Higher Education Management and Policy

Discontinued
Frequency
3 times a year
ISSN: 
1726-9822 (online)
ISSN: 
1682-3451 (print)
http://dx.doi.org/10.1787/17269822
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Previously published as Higher Education Management, Higher Education Management and Policy (HEMP) is published three times each year and is edited by the OECD’s Programme on Institutional Management in Higher Education. It covers the field through articles and reports on such issues as quality assurance, human resources, funding, and internationalisation. It also is a source of information on activities and events organised by OECD’s IMHE Programme.

Also available in French
Article
 

Steerage of Research in Universities by National Policy Instruments You do not have access to this content

English
 
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    http://oecd.metastore.ingenta.com/content/8903021ec003.pdf
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Author(s):
John Kleeman
02 Sep 2003
Pages:
20
Bibliographic information
No.:
11,
Volume:
15,
Issue:
2
Pages:
25–41
http://dx.doi.org/10.1787/hemp-v15-art11-en

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In June 1999 the Australian Government signalled, with the publication of a Green Paper, its intention to reform research and the training of research students in universities. After a period of public and institutional comment and debate, the reforms eventuated and the new policies result in performance based funding for research and research training, which is separated from the base of funding of coursework teaching. The new funding mechanisms can shift core government research resources across universities.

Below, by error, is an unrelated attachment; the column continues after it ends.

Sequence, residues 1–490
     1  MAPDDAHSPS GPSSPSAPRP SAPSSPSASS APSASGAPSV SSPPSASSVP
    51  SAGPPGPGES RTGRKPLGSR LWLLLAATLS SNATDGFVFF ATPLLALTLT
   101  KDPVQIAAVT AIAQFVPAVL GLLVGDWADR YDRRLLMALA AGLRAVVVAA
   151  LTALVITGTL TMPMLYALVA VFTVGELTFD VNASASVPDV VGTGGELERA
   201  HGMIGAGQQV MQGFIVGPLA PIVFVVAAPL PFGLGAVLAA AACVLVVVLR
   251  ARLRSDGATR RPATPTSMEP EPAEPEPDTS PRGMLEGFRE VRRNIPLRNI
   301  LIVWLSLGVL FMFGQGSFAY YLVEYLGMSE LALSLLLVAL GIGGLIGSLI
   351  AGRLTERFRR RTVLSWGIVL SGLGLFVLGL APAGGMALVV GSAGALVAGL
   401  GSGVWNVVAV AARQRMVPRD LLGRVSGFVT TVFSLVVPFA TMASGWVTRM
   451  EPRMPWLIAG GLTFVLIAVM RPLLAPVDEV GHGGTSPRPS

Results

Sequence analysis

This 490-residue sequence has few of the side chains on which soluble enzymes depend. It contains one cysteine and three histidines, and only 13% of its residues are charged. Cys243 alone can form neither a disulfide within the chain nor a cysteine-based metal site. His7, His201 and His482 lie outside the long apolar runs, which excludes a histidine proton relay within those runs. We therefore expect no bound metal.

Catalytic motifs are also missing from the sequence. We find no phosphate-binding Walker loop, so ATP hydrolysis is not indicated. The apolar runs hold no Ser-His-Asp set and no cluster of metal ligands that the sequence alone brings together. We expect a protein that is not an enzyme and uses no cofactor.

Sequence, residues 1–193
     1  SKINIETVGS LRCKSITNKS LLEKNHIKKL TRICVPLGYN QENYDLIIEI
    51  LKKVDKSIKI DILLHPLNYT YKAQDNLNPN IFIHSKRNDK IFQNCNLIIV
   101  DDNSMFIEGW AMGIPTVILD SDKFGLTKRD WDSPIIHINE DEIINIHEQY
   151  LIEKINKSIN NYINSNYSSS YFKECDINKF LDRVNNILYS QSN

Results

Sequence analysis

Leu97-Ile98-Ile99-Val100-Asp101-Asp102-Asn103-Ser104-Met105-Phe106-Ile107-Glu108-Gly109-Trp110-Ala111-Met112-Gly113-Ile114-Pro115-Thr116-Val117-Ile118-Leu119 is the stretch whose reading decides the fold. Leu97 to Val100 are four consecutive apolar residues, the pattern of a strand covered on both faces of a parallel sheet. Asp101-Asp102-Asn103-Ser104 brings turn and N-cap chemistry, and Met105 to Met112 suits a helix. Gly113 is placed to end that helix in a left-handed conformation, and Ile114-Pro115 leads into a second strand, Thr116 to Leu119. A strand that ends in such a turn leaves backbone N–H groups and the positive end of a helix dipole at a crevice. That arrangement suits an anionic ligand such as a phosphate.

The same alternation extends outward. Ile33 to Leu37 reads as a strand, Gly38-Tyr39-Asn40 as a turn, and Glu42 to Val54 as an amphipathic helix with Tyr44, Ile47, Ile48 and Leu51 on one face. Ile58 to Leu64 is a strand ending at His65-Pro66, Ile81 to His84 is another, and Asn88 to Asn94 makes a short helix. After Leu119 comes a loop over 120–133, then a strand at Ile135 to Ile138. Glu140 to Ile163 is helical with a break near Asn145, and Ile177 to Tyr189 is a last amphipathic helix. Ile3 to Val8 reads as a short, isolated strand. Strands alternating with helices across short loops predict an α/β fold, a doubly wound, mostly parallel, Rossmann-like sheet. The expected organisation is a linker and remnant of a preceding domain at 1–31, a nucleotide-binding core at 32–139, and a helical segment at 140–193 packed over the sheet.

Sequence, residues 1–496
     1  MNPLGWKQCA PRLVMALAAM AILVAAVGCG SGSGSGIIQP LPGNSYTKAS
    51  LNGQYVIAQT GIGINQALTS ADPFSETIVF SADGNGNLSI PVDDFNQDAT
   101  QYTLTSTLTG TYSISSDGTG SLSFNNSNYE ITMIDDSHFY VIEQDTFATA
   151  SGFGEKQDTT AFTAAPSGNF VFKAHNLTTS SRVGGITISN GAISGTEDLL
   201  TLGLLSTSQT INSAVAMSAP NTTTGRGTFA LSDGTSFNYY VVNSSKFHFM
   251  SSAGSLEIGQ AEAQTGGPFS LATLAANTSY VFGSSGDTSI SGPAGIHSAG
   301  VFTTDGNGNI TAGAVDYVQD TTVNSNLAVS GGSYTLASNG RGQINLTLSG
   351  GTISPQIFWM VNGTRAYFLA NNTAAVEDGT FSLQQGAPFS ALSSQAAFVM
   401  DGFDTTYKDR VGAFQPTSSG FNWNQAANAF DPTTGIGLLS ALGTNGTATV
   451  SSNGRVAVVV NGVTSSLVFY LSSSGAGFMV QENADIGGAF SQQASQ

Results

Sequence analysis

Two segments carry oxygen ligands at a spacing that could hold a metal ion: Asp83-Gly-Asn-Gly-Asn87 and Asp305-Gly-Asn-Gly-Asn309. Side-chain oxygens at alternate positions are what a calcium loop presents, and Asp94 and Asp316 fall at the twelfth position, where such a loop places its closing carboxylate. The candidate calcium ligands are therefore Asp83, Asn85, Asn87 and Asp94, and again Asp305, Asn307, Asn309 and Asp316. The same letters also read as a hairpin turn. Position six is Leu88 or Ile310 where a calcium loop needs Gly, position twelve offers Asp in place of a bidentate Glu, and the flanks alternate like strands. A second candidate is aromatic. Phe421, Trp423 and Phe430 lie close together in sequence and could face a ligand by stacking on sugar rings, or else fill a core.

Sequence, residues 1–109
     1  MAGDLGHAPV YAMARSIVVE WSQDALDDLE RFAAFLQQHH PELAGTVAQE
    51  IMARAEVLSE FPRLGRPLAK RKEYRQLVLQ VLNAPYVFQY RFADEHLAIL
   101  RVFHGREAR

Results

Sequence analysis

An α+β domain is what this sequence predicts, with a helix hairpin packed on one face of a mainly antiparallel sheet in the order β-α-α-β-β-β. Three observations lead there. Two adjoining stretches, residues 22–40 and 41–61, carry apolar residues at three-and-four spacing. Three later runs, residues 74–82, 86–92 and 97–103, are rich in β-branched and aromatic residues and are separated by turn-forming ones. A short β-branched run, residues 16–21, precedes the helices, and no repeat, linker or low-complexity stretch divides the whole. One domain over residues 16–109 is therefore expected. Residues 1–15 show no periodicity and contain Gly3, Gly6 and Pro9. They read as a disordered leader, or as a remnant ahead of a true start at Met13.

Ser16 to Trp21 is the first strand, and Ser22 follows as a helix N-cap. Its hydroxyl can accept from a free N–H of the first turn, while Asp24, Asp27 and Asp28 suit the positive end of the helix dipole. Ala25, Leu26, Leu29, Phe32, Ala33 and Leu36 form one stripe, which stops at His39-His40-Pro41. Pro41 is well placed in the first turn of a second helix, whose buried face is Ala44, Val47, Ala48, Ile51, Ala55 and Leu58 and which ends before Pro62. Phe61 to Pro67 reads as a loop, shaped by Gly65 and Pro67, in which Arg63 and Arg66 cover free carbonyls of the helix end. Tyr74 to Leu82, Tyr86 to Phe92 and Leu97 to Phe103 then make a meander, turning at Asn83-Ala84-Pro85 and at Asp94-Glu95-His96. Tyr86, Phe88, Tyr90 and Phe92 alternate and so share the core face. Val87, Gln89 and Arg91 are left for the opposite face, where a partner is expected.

Within universities, funding inputs from government need to be directed internally to research-active areas with large numbers of research students and substantial external grants, which contribute most strongly to the performance indicators that bring in the funding. This train of funding from government through to internal resource allocation can be modelled and the results imply potentially permanent changes in the character of universities, by changing the way academic work is funded and accounted for.
Funding models can leave teaching-active sections, if they have few research students and little external grant funding, without the means to support even basic levels of research and scholarship. This threatens the standard and nature of university teaching, which by its nature should take place within a culture of sustained scholarship and creation of new knowledge through research.
The paper discusses these issues, in the context of models for funding of research, and the responses by university managers and grass-roots academics to the challenges of adapting to the new policy and funding framework.

Also available in French
 
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